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Celebrating joint efforts for sustainable seafood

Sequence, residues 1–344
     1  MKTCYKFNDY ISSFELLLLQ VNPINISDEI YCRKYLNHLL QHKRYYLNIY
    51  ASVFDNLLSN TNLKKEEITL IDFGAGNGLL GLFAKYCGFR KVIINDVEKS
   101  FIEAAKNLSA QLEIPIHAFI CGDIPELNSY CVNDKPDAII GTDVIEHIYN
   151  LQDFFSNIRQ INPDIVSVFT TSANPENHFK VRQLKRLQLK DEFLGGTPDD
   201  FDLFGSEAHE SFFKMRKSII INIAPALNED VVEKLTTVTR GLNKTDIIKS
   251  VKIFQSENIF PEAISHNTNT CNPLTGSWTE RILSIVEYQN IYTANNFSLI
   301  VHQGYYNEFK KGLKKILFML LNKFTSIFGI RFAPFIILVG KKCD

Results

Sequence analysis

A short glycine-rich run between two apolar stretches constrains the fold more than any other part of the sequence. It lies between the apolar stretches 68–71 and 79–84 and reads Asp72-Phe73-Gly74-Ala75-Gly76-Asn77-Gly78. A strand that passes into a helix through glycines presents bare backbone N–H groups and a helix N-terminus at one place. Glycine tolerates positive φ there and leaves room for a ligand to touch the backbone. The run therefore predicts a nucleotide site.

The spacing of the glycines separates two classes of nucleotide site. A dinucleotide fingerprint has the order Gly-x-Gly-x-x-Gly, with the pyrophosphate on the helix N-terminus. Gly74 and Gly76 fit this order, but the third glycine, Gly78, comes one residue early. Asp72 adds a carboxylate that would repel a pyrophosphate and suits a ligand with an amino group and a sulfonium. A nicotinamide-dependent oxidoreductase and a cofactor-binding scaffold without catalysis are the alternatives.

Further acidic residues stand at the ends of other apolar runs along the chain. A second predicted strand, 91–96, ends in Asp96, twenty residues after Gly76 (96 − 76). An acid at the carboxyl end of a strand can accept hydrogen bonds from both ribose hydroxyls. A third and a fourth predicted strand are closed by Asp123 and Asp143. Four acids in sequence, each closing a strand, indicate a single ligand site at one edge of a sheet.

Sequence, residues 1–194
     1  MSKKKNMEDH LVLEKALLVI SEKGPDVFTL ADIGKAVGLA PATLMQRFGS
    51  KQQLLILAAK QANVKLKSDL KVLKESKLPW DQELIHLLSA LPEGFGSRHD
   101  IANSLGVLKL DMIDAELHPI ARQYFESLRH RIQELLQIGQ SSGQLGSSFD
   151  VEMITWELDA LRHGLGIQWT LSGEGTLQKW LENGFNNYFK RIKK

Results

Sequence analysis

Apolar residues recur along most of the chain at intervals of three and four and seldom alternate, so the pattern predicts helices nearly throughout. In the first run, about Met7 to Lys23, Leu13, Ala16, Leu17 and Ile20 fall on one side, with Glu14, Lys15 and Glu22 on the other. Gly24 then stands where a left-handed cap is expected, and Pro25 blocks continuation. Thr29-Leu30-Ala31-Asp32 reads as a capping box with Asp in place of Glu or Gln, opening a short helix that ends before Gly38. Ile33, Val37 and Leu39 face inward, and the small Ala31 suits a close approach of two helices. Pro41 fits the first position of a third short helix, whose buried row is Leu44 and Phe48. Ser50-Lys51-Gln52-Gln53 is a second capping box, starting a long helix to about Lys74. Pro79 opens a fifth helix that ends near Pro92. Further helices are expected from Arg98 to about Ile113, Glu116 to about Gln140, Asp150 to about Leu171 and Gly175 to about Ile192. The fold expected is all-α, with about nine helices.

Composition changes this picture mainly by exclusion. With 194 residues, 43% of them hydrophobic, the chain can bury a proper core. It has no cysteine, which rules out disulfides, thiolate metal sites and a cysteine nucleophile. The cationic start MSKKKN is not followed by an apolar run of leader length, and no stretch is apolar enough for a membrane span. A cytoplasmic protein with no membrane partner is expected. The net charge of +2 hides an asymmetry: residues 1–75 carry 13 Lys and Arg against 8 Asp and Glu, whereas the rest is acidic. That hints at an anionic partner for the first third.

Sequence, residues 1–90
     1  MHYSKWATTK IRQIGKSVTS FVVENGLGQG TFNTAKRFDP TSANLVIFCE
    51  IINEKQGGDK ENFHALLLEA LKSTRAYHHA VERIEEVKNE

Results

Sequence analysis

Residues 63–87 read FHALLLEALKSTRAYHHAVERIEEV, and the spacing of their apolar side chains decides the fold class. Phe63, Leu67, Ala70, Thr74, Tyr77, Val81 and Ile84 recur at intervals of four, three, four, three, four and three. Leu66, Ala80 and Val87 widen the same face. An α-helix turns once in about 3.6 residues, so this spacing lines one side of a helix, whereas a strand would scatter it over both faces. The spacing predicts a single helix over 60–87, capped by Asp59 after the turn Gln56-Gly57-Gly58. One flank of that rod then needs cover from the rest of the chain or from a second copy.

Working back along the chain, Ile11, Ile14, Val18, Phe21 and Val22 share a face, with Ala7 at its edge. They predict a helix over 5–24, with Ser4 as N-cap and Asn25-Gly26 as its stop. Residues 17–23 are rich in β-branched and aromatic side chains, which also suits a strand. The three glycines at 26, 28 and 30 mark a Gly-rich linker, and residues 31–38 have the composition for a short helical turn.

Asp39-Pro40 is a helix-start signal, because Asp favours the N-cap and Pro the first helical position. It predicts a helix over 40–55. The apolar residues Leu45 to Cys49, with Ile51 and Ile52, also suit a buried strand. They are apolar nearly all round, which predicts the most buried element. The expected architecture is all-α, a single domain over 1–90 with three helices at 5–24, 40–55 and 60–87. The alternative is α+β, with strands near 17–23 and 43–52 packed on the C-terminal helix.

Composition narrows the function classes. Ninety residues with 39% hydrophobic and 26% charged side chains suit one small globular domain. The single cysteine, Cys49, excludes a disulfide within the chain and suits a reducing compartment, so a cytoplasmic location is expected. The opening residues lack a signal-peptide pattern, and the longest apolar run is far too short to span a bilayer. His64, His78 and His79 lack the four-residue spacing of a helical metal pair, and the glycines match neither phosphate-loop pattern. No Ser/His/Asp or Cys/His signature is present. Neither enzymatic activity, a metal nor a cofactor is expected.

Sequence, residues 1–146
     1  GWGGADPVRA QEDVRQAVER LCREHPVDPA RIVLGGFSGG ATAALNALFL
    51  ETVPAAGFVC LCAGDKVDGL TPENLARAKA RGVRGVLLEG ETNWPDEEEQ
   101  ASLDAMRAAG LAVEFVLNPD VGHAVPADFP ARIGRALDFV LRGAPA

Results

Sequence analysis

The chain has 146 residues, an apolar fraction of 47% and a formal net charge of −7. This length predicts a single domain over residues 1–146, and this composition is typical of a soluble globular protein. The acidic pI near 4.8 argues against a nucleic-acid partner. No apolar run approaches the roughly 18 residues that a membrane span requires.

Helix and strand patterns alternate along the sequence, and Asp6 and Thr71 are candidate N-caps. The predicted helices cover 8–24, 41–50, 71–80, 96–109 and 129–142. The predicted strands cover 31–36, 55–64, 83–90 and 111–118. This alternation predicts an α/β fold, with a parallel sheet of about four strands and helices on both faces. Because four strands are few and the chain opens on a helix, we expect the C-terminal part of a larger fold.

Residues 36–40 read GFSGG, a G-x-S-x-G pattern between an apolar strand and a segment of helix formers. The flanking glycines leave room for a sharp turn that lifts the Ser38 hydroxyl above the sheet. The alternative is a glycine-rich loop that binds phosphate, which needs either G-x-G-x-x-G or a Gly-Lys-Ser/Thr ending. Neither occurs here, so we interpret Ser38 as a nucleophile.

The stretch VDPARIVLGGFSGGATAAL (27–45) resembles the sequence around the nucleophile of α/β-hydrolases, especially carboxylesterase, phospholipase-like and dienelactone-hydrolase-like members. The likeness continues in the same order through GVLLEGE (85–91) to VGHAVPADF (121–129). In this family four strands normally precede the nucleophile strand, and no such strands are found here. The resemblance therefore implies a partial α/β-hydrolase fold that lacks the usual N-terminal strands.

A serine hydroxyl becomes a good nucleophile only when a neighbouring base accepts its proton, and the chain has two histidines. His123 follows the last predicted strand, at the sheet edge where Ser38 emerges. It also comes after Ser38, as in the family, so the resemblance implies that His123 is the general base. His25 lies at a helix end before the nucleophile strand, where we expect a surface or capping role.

It’s sustainable seafood week and we are shining the spotlight on just a few of the numerous unsung heroes of Australian seafood. Getting sustainable Australian seafood on our tables is a collective effort involving a diverse cast. It includes the fishers and aquaculture operators that harvest and produce seafood, the processors and logistics operators, the chefs, food service staff and retailers, and the managers and scientists that ensure robust regulation informed by evidence-based science. And yes, it even includes the consumer who can stay informed and make choices about what they buy. To mark this year’s sustainable seafood week, we asked a few of them: “What is your role in making sure Australian seafood is sustainable?” Our video with their answers can be viewed on FRDC’s YouTube channel at Karina Hall, Senior Research Scientist at NSW DPI say her work helps to establish the sustainability status of key finfish and marine invertebrate stocks. This information is then used by fisheries managers to manage sustainable fisheries. Tuna fisherman Todd Abbot from Narooma, says a big part of how he ensures fishing can continue sustainably into the future is to adhere to regulations like quota which limit the amount fishers can catch. Third-generation Fisher and Chairman of Fairfish SA for Port Wakefield Bart Butson is passionate about his role producing and supporting other fishers to deliver sustainable seafood and encourage people to try under-utilised species of seafood. For Umar Nguyen, the Fish Girl, who links seafood producers with chefs who use their product, her role is to create awareness of amazing sustainable seafood products and help their producers tell their stories. Jamie Steel, sous chef at the Aurora restaurant in Adelaide says it’s about sourcing and presenting underutilised species from sustainable fisheries and aquaculture operators, and educating their staff about this. Dr Patrick Hone, the Managing Director of the Fisheries Research and Development Corporation, sees his role and that of the organisation as ensuring that the best science possible underpins the sustainability of Australian seafood. As a national science agency, the FRDC is tasked with funding the science that underpins the regulation and reporting mechanisms that ensure Australia’s fisheries and aquaculture operations remain some of the most sustainable in the world. Key amongst these is the Status of Australian Fish Stock’s (SAFS) Reports, but there are a number of other tools including the Shark Report Card, the National Bycatch Reporting Framework, the Healthcheck tool and Whichfish. In the aquaculture space, FRDC is currently developing a cumulative impact risk assessment tool. • Status of Australian Fish Stock’s (SAFS) Reports – The 2018 reports are the most comprehensive report on sustainability of fish stocks undertaken in Australia. They provide scientifically robust, up-to-date information on the sustainability of Australia’ fish stocks available at • Shark Report Card – The Shark Report Card covers and assesses 194 Species (199 stocks) of Australia’s sharks, rays and chimaeras. • Whichfish – The information provided on this site helps businesses find out more about Australian seafood to support informed decisions in line with their sourcing policies. • Healthcheck – The Healthcheck comprises a framework, guidance document, and data compilation providing summary data to transparently, independently and comprehensively support reporting on a broad range of sustainability issues relevant to Australian fisheries. • National Bycatch Reporting Framework – The development of a process will allow for a comprehensive national report on bycatch in Australia. The FRDC invests in research, development and extension activities to increase economic, social and environmental benefits for Australian fishing and aquaculture, and the wider community.